Using wind power
Wind power has normally been regarded as a technology primarily for rural areas but technological and design advances increasingly mean that it can also be integrated into urban fringe locations.
Wind turbines capture wind energy and convert it to usable electricity. Turbines can be large, medium, small, or micro scale depending on the situation and electrical requirement.
By utilising easily available GIS information, data on mean wind speeds at 10 metres height are easily available. By assuming that economic wind generation is only possible at mean wind speeds of about 6 metres per second, this GIS information can be used to plot where wind power can be generated.
As a ‘rule of thumb’, if one then takes out areas in proximity to forests, tall buildings and other obstacles and establishes a 350 metre exclusion zone from housing (because of the noise effects of larger turbines) then it becomes possible to refine projections of where wind-derived energy can be usefully captured across regions and districts. The actual siting of wind turbines should only be decided following tests in situ.
Wind power can be strategically considered at the regional scale. Regional energy strategies can provide a useful assessment of the technology’s potential, and a steer towards the areas that could best accommodate wind farms at the sub-regional scale. The UK Renewable Energy Strategy places greater emphasis on this scale by suggesting energy targets could be addressed through the regional planning system in a similar way to housing targets.
The South West Renewable Energy Strategy is an example of an energy strategy that has been informed by a landscape character assessment and has established wind power delivery targets in line with this.
At the city and neighbourhood scale ground-mounted medium or large scale turbines constructed in groups or individually may be appropriate. For a given investment, a larger turbine will produce a higher yearly output of electricity than a number of smaller ones. However, urban environments typically have low wind speeds and inconsistent wind direction, which significantly reduces the potential for electricity generation and can make urban turbines economically and environmentally unattractive.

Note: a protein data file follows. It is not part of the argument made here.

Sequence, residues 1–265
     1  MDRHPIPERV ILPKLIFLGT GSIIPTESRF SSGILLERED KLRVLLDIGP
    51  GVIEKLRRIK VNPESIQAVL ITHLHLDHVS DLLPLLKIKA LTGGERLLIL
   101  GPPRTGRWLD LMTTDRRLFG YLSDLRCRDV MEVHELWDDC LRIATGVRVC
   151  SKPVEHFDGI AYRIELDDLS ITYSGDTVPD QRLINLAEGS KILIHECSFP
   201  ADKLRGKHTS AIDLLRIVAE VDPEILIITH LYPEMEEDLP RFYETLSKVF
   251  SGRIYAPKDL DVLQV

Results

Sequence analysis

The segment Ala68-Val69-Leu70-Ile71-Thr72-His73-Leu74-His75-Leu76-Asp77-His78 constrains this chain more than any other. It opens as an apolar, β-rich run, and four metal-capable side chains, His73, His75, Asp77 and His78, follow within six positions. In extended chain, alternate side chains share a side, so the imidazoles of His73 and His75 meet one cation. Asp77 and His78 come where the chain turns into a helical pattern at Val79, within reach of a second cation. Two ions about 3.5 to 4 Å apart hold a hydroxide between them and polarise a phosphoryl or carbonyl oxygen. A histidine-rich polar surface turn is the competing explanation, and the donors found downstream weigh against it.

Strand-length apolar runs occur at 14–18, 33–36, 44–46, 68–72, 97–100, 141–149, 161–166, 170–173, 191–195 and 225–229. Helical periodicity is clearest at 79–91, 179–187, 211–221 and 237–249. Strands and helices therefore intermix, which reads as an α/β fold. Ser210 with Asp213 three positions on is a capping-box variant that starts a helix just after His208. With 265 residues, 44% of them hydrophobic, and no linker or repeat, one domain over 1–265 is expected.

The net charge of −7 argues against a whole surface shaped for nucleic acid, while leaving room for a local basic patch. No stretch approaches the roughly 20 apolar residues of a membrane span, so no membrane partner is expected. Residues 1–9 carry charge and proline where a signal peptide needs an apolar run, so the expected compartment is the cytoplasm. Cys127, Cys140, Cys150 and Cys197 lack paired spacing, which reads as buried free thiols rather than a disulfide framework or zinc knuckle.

Micro scale turbines
Micro scale turbines are currently commercially available as conventional propeller blade horizontal axis turbines (HAWT) and a vertical axis turbines (VAWT). Both can be mounted on buildings and some models have been developed specifically to work in low wind speed environments.
Vertical access turbines are easier to accommodate as they require less space and are quiet in operation. One design type, the Savonius rotor, (similar in concept to the signs outside shops that spin in the wind) provides considerably less energy than HAWTs, being less efficient as one blade is always being returned against the wind . Another VAWT design, the Darrieus rotor, overcomes this issue and when positioned in an inherently poor, vortex laden, urban wind position can be even more efficient than an equivalent micro HAWT. But the differences in capital costs may more than outweigh this increase in efficiency.
Each potential type of turbine in each specific urban wind condition must be rigorously checked to consider lifetime carbon balance and cost benefit against larger scale alternatives in a better wind environment (which are nearly always better). It should however always be borne in mind that some microturbines can be beautiful, have educational benefit and add architectural excitement. There is also emerging evidence that iconic renewables installations such as microturbines can cause people to constantly question the carbon consequences of other, unrelated lifestyle choices which really can produce carbon savings.
Other factors to consider before making a decision include:
- meteorological investigations and site tests to establish local wind conditions need to be carried out before the final economic case for turbines in any particular location can be made
- planning constraints can limit the generation potential by restricting the turbine size